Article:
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A new study in JAMA Pediatrics analyzed the number of microcephaly cases that resulted from congenital microcephaly and how it may be a larger cause than the 2016 Zika epidemic.
Researchers ultimately found that congenital cytomegalovirus infection significantly increased the prevalence of microcephaly at delivery 7-fold. These findings suggest that preventing cytomegalovirus in pregnancy may substantially reduce the number of babies with microcephaly at birth.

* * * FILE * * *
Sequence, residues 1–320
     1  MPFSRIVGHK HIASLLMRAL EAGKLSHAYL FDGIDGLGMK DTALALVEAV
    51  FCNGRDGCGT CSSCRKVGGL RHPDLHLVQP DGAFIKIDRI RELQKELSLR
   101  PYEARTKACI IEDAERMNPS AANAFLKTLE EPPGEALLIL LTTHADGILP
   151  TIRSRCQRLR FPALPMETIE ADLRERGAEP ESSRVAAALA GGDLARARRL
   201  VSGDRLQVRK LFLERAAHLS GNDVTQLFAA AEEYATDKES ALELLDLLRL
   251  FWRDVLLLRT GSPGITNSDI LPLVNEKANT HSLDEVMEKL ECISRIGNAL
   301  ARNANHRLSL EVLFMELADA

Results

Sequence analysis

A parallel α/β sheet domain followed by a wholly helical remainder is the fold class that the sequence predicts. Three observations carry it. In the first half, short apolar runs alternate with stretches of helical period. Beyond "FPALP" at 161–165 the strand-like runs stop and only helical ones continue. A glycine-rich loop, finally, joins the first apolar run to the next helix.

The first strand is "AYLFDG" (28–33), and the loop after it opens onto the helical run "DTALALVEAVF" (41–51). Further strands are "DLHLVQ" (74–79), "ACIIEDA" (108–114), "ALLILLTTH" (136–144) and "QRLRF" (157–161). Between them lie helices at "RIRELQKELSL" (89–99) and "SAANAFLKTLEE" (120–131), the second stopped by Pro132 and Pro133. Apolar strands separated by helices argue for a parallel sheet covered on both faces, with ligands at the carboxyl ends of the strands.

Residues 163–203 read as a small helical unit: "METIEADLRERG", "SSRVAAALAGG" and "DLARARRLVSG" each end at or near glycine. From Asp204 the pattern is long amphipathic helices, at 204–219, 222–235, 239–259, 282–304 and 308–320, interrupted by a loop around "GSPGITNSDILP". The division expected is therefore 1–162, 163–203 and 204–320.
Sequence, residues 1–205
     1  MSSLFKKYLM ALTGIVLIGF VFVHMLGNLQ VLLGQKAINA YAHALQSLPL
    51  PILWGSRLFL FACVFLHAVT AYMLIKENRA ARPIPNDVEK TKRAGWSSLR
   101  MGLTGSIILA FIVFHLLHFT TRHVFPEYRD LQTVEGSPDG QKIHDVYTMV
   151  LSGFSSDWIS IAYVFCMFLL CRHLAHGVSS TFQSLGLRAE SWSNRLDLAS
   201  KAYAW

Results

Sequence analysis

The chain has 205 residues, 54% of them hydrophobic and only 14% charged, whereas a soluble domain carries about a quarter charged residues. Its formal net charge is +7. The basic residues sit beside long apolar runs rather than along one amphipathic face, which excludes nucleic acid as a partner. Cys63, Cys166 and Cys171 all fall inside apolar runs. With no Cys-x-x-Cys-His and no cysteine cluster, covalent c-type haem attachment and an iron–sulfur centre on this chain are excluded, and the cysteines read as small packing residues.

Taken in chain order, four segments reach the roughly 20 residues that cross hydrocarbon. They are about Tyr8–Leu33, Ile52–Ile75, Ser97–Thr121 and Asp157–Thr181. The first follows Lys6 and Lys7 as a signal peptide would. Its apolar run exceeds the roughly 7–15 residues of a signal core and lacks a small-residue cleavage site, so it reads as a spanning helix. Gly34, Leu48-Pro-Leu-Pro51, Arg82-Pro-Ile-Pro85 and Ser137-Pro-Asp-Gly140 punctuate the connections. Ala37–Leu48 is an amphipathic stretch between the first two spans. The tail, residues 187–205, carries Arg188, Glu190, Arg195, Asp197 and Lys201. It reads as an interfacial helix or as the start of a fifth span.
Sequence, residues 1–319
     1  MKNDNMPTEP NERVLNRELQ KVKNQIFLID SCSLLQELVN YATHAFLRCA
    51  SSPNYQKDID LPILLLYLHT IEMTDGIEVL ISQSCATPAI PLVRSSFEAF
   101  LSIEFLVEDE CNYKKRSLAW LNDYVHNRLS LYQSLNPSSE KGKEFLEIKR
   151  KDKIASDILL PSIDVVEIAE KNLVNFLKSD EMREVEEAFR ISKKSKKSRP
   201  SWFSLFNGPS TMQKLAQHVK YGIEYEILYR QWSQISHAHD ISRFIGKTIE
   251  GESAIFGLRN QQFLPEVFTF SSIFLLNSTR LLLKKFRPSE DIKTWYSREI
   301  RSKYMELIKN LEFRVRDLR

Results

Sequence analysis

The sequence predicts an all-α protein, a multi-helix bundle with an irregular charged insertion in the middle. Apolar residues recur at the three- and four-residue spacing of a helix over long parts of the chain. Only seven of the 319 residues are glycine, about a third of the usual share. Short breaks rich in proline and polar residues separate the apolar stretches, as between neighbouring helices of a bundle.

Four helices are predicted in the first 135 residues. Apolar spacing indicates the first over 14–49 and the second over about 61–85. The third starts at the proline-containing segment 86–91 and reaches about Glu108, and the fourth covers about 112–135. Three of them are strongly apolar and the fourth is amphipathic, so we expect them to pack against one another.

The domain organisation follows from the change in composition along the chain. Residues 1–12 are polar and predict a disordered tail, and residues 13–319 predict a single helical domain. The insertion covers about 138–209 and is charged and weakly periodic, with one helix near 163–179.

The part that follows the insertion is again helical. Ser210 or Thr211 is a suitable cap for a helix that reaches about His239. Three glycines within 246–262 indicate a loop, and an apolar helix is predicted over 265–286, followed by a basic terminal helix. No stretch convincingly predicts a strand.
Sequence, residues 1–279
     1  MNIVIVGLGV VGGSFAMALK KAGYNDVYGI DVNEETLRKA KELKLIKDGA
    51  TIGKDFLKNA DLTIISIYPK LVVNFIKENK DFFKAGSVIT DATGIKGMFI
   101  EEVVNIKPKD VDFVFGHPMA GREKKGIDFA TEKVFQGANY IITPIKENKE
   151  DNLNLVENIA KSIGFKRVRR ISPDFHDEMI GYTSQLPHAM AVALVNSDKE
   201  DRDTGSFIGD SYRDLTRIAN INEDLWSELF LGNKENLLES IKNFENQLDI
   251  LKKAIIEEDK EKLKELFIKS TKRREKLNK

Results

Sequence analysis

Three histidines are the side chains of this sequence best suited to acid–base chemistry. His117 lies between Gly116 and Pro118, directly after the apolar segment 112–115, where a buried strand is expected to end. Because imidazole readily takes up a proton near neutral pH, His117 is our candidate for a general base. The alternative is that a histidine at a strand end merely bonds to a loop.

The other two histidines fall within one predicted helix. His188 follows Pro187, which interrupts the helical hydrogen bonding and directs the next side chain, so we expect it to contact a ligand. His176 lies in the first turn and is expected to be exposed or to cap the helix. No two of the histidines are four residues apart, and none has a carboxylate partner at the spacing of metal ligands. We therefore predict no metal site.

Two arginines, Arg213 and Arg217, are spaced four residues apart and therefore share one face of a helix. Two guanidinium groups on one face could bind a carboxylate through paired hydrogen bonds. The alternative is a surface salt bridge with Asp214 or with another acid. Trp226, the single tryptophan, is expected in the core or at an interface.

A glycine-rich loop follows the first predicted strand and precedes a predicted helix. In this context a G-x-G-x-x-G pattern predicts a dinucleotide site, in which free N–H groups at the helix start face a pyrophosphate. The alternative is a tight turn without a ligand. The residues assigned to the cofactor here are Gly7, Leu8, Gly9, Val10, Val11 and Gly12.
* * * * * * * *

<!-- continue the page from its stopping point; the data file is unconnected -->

For a detailed study summary, visit Contemporary Pediatrics.